Design a site like this with
Get started

Sonne und Beton / Sun and Concrete

Director: David Wnendt (Germany). Year of Release; 2023

Berlin Gropiusstadt, 2003. Gerhard Schröder is on the telly justifying his Agenda 2010 attack on the welfare system. Lukas has a trendy haircut, shaved on both sides. He is rummaging in his rucksack for something. Lukas approaches the security guards outside his school, who demand his ID card. He replies that they know who he is, he comes in every day. Nonetheless, they won’t let him in. Lukas takes out his old-school mobile phone and SMSes his mates that he’s playing truant today.

Gino wears his name on a thick necklace. He is peaceful, but from a troubled home, where his alcoholic father beats his mother. Gino seems the most peaceful of the gang. When they start to get involved in things that they shouldn’t, Gino is conspicuously absent – ostensibly because his father won’t let him leave the house, but you get the feeling he doesn’t want to get involved. Nonetheless. Gino is the person who everyone seems to love

In contrast, Julius has a Billy Whizz quiff and is a bit of a dick really, He’s always talking about the fights he’s had and the women he’s fucked, but not in a way that makes you think that his stories are actually true. When Lukas, Gino and Julius get on a bus together, it’s Julius who goes up to the girls sitting at the front of the bus and tries to chat them up, It’s also Julius who is rebuffed, as they tell him to fuck off, middle fingers high.

Lukas, Gino and Julius go into the park in search of some grass. But this means walking past “the Arabs”, something for which Lukas has particular fear. Sure enough, the “Arabs” call the three over, which results in Lukas getting a beating. When he arrives at the dealers with a bloody face, they ask him what’s happened, and get him to lead them to the “Arabs”. Another fight ensues. As things start to get too violent, Lukas runs away, leaving Gino on his own to be beaten up.

As Lukas jumps onto the U-Bahn, it stops, waiting for maintenance. One of the “Arabs” jumps on and tells him that the dealers have stolen €200 from them. Lukas must pay them a fine – of €500. He has until 3pm the next day to find the money. This need to pay back the money plays a greater and lesser role in the film, depending on its need for dramatic tension. Sometimes, Lukas is in imminent danger of serious damage. At others, the problem is pushed into the background.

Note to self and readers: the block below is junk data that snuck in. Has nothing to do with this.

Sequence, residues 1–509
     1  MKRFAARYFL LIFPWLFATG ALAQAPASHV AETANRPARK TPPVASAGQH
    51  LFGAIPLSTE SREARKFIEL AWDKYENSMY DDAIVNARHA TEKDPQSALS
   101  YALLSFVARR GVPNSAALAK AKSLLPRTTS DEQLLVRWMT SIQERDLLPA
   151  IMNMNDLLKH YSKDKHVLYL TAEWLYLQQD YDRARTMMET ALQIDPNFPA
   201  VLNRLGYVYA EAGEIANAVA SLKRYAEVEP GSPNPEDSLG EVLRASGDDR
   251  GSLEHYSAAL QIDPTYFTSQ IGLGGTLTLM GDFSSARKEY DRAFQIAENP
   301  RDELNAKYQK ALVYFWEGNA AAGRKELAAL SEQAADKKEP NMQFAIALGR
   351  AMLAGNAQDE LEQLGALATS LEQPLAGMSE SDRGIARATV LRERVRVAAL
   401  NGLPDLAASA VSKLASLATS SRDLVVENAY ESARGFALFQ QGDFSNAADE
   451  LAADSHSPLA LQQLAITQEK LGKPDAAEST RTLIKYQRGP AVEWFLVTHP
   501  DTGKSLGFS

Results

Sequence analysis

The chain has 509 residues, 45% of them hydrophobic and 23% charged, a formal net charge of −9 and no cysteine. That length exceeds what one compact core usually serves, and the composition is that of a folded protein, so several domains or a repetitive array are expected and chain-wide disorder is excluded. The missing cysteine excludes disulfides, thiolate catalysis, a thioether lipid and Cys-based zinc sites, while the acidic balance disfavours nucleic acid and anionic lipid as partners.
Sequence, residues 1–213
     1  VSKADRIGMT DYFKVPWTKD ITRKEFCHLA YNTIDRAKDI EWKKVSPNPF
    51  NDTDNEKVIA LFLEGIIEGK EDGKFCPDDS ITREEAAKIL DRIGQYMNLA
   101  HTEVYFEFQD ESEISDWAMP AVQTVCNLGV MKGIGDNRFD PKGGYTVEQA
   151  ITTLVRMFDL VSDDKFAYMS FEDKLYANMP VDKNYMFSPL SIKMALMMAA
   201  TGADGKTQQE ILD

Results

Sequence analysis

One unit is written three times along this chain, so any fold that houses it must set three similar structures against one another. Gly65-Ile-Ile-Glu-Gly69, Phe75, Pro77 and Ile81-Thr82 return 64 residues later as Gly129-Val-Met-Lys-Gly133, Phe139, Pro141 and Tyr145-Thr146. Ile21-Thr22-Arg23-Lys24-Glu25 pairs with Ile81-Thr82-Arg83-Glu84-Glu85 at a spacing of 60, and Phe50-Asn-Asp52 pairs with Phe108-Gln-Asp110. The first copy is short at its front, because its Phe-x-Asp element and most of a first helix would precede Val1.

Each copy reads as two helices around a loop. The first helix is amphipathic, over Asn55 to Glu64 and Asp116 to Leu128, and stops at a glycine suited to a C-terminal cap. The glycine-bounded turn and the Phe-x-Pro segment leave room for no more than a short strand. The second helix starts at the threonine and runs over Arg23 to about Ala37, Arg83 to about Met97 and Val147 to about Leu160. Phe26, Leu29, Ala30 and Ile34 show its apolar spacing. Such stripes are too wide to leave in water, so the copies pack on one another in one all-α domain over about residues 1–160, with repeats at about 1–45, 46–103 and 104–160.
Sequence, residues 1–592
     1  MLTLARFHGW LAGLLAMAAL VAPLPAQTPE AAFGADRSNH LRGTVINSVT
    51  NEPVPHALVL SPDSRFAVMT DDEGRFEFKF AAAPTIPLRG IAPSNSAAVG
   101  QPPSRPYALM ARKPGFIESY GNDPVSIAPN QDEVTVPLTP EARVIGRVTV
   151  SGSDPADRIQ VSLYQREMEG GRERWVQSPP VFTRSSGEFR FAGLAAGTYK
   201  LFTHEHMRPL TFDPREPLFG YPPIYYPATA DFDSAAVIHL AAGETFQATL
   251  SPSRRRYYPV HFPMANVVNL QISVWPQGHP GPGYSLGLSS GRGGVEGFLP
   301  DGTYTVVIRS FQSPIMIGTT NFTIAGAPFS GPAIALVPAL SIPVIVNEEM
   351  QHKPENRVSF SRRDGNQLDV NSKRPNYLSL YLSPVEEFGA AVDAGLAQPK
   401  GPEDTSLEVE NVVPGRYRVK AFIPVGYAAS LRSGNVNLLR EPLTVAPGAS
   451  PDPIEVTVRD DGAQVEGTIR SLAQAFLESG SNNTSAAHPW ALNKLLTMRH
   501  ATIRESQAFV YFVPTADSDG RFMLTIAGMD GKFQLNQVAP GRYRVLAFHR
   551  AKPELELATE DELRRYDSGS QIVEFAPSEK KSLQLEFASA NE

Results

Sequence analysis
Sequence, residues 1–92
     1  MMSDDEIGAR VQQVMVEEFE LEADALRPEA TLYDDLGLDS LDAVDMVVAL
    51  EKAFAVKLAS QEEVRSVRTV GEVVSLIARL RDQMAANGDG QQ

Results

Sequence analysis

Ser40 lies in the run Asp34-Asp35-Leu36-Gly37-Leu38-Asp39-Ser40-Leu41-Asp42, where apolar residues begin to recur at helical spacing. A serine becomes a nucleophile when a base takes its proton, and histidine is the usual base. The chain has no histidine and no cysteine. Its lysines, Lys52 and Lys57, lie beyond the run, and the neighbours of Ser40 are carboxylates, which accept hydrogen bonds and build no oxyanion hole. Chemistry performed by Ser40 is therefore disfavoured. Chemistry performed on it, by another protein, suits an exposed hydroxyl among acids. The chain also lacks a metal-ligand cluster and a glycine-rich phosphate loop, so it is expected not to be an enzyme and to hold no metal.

Sanchez has just moved to Gropiusstadt from Marzahn-Hellersdorf. As he is introduced to the class, they are incredulous – don’t only Nazis live in Marzahn? But Sanchez is black. Before long, he becomes part of Lukas’s Gino’s and Julius’s gang. It is Sanchez who has the idea to steal the new computers which have just been delivered to the school and to sell them for €1500 each (O tempora, o mores!)

Lukas’ father Matthias also grew up in Gropiusstadt. He tries to convince his son to find a peaceful solution to conflicts and to just walk away. But this just does not correspond with Lukas’s life experiences. Halfway through the film, Matthias celebrates getting a job as a janitor at a University, at €8,000 a year. Small wonder that Lukas has more admiration for his older brother Marco, who’s a bit of a gangster. In one scene, we see Marco having his fingers broken for not paying his debts.

Sonne und Beyond does have its moments. There’s the scene where a racist teacher complains that “das Land schafft such ab” (the country is abolishing itself), presumably a reference to the book “Deutschland schafft such ab” by racist SPD politicians Thilo Sarrazin, which would be published in 2010. And there is a neat little twist towards the end, whee Lukas is fucked over by his brother. Above all, this is a film which looks at the lives of normal people.

This means that there are bits worth seeing, but I have two major problems with the film. Firstly, it expects us to spend 2 hours in the company of teenage boys, who are never the most interesting people at the best of times. Secondly, the plot, with its guns and nicking bottles of spirits from the corner shop and sidling up to girls who let you put your hand on their tot feels like an aspirational text written by a teenage boy. And it’s just not very well written.

This is Grange Hill written and directed by Guy Ritchie. There’s no shortage of things going on, but some of them stretch your credulity. Some critics have said that it’s hard to tell apart what is real and what’s been made up, but this says more about the insularity of critics than anything else. The flexibility with the truth is already hinted at in the opening credits which read “Everything happened like this. But, then again, perhaps not”. We are watching a young boy’s fantasy.

This does beg the question of exactly how interesting life is when depicted as a boy would like it to be. It is great that a film has been set in Gropiusstadt (it is based on a semi-autobiographical novel by comedian Felix Lobrecht), as too much film focusses on the privileged middle class. But it would be a much greater tribute to the experience of working class people to give them a story which is more believable and dialogue which is more interesting.

Above all, this is a film for the boys. One of the biggest scandals is when a girl decides that she would rather spend time with someone who is much cooler than one of the main characters. And the film does not so much ignore the female point of view as fail to consider whether it is at all important. It’s not a bad film, but its vision of society is almost as limited as that of the middle class period dramas that it is trying to replace.

%d bloggers like this: